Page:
- Created by: Tori
- Created on: 17-02-20 20:04
Nicholas II and Autocracy
Nicholas II became the Tsar in 1984, an autocrat with sole rule.
He had total power within the Empire.
The Tsar was assisted by the Cabinet, the Senate and the State Council.
-> However, these bodies had no power independant of the Tsar and were only advisory.
The Tsar and the Law
The Tsar's power was not constrained by any constitutional checks.
Hence, he was not limited by the laws.
-> The Russian people had no right to free speech or a fair trial as these would limit the Tsar's power.
Consequeces of Autocracy
- The Tsar was able to isolate himself from Russia's issues as he didn't have anyone to be accountable to and his advisors were unwilling to contradict him.
-> Hence, Nicholas had little understanding of the poverty in Russia or the corruption within the government.
- Corruption was widespread as government officials claimed to be representatives of the Tsar, thus acted as if they also had absolute power.
- The Tsar's uninformed policies limited the growth of civil society.
-> His government outlawed groups like Trade Unions and persecuted religious groups, who would have helped the growth of it.
The agressive promotion of Russian culture and the forceful supression of other national cultures. (Used between 1894-1905 to try control the Empire).
A responce to the developement of nationalist feelings within various parts of the Empire, which Nicholas believed would ruin it's unity.
-> In the late 19th century there had been large growth in nationalism in the Ukraine, Finland, Poland and Georgia.
- The promotion of Russian culture through primary schools.
- Supression of non-Russian cultures.
- Establishing Russian language universities (Eg. Lur'ev in Estonia).
- The imposition of Russia as the official language of government and the justice system of the Baltic states.
Russification in Finland
Russification had a huge impact on Finland.
In 1899 the govener general in Finland abolished the Finnish legal system and replaced it with the Russian one, also abolishing the Finnish parliament and army.
In 1903 the 'temporary' regulations (introduced in Russia in 1881) were extended to Finland.
-> Gave the Okhrana wide-ranging powers.
-> Resulted in widespread unrest. Bobrikov was assasinated in 1904 and the Finns played an active part in the 1905 revolution.
Consequences of Russification
Ended up being a very detremental set of policies for the Tsar.
Led to backlash among groups who had once been loyal to the Empire:
- Cultural prosecution turned the Finns, Armenians and the people of the Baltic against the Tsar.
- Nationalism in Poland and the Baltic states became a powerful anti-government force, which would later feed into the 1905 revolution.
- In Russia, nationalism led to anti-Polish, anti-Finnish and anti-Semetic feelings -> Led to violence against minority groups living in Russia.
The Promotion of Orthodoxy
Podedonstev advised the Tsar to promote Orthodoxy as an important part of Russian identity.
-> Hence between 1881-1902 people converting to the Orthodox Church doubled.
-> But, in urban areas there was a decrease in the amount of attending the Orthodox Church.
Between 1894-1902 Nicholas introduced the following measures:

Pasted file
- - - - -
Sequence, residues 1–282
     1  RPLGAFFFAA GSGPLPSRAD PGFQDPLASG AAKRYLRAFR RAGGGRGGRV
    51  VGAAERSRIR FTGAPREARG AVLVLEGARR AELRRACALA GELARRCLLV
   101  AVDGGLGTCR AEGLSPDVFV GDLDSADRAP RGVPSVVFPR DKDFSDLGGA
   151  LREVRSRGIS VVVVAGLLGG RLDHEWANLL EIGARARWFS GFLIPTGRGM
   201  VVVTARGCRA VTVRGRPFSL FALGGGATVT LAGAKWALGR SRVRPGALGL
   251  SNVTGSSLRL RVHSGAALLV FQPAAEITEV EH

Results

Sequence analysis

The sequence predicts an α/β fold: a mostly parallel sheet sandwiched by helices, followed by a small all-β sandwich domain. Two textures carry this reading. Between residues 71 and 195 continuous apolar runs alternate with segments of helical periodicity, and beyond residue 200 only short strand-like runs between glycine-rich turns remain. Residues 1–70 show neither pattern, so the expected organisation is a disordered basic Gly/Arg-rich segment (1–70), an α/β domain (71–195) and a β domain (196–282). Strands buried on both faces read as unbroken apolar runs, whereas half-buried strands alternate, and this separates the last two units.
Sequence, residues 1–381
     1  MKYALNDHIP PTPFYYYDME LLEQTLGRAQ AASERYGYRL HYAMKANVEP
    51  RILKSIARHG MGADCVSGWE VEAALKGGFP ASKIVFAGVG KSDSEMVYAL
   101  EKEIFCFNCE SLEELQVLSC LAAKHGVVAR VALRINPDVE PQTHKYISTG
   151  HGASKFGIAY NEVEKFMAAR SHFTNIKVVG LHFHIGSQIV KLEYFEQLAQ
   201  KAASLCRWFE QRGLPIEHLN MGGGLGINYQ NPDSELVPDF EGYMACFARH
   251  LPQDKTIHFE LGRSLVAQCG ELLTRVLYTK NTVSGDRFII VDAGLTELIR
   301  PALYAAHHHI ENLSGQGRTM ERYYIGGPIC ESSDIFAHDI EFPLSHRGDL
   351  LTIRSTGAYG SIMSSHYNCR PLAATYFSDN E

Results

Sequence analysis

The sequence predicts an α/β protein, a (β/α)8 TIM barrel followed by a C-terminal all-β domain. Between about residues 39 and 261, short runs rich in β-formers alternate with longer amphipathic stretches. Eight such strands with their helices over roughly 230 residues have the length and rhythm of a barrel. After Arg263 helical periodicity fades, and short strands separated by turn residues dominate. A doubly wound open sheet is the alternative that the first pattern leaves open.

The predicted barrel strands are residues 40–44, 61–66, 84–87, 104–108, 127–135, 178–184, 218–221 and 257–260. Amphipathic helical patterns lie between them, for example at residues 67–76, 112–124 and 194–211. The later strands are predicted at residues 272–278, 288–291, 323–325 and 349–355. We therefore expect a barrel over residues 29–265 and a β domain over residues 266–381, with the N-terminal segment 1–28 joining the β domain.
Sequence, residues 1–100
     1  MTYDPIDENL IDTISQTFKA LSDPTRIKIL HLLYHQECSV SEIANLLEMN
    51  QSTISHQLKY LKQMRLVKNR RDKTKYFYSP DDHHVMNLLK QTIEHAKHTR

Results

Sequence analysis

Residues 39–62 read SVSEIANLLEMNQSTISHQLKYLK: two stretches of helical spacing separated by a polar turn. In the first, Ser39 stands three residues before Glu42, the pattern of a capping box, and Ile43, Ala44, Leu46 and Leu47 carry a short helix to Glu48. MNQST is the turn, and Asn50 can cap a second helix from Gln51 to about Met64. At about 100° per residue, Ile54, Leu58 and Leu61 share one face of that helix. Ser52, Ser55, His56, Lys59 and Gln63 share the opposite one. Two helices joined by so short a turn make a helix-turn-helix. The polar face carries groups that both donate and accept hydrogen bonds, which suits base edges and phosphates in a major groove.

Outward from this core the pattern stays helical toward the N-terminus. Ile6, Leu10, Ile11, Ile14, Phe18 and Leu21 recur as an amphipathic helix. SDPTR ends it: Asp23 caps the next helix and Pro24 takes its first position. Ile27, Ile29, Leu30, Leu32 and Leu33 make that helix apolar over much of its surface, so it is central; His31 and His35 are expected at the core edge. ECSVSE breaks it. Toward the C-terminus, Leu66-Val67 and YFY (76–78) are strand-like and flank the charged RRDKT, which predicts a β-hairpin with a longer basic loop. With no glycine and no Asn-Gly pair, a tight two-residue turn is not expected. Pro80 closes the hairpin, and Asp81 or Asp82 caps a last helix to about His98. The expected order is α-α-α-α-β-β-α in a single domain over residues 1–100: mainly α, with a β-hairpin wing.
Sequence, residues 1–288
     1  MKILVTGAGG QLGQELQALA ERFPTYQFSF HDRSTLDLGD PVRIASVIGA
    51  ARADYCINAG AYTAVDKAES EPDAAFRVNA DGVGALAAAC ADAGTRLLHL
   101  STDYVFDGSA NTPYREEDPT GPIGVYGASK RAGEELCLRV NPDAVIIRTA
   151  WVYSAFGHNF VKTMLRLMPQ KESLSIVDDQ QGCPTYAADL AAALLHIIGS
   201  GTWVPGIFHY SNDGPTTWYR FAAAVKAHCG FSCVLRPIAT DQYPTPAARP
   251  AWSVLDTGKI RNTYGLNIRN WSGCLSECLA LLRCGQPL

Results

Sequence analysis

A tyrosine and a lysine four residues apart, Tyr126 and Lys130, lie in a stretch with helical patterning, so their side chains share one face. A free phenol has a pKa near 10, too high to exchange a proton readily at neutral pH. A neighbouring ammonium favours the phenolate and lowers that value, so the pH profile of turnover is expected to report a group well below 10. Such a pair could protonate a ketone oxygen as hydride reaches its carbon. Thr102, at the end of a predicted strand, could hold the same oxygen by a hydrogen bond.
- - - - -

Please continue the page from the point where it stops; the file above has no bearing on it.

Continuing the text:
- There was a 10x increase in church schools, and the numbers of students they taught increased 15x.
- The number of parish clergy increased by 60%.
- Missonaries were sent out to the Baltic states where Protestantism was popular.
Promoting Orthodoxy led to the persecution of the other faiths:
- No other Christian Churches were allowed to convert people.
- Catholic, Protestant and Islamic schools were closed down and replaced with government-run schools.
- The government confiscated the property of the Arminian Church.
Agressive Russification and the promotion of the Orthodox Church led to an increase in anti-Semitism in Russia.
Education) Opportunities for Jewish students was limited by enforced quotas:
- No more than 10% of university students could be Jewish within The Pale of Jewish Settlement.
- In major cities these quotas became 3%.
Residency) Restrictions placed on where Jews could live - The May Laws (1882) banned Jews from living in the rural areas until it was finally repealed in 1905.
In some cities (eg. Moscow and Kiev), campaigns were organised to expel Jews from cities.
Violence) Under Nicholas Pogroms increased dramatically (an organised massacre). In 1903 and 1904 there were 49 Pogroms in Russia.
Emigration) Due to the growing violence against them many Jews left Russia, most going to the US or Latin America. The government saw this as a good solution to the 'Jewish problem'.
It's aim was to destory subversive organisations, having extensive powers to arrest and infiltrate opposition groups -> Had a reputation for being 'all powerful, all knowing and all capable'.
In reality, it was a relatively small organisation with 2,500 agents in 1900. However, it was still effective. -> Before 1905 it had infiltrated the leadership of the Social Democrats and the SR's.
Surveillance) They engaged in widespread surveillance and by 1900 they had records on 55,000 people, collections of 5,000 publications by revolutionary groups and 20,000 photographs of suspected radicals.
Unviersity Life) Involved in policing Russia's universities. The University Statue of 1884 included:
- Banned clubs and societies on university campuses.
- Emphasised that students should study traditional subjects.
- Banned women from higher education.
Okhrana 2 - Sergei Zubatov
Sergei Zubatov became the head of the Moscow Okhrana in 1896 and introduced 'Police Socialism', which included:
- Investigating worker's complaints about abuses in factories.
- Provided sick pay and unemployment benefits.
- Attempted to take control of emerging unions.
Zubatov's pro-worker experiment spread to other Russian cities, however the government didn't like these reforms and they ended the policy and fired Zubatov in 1903.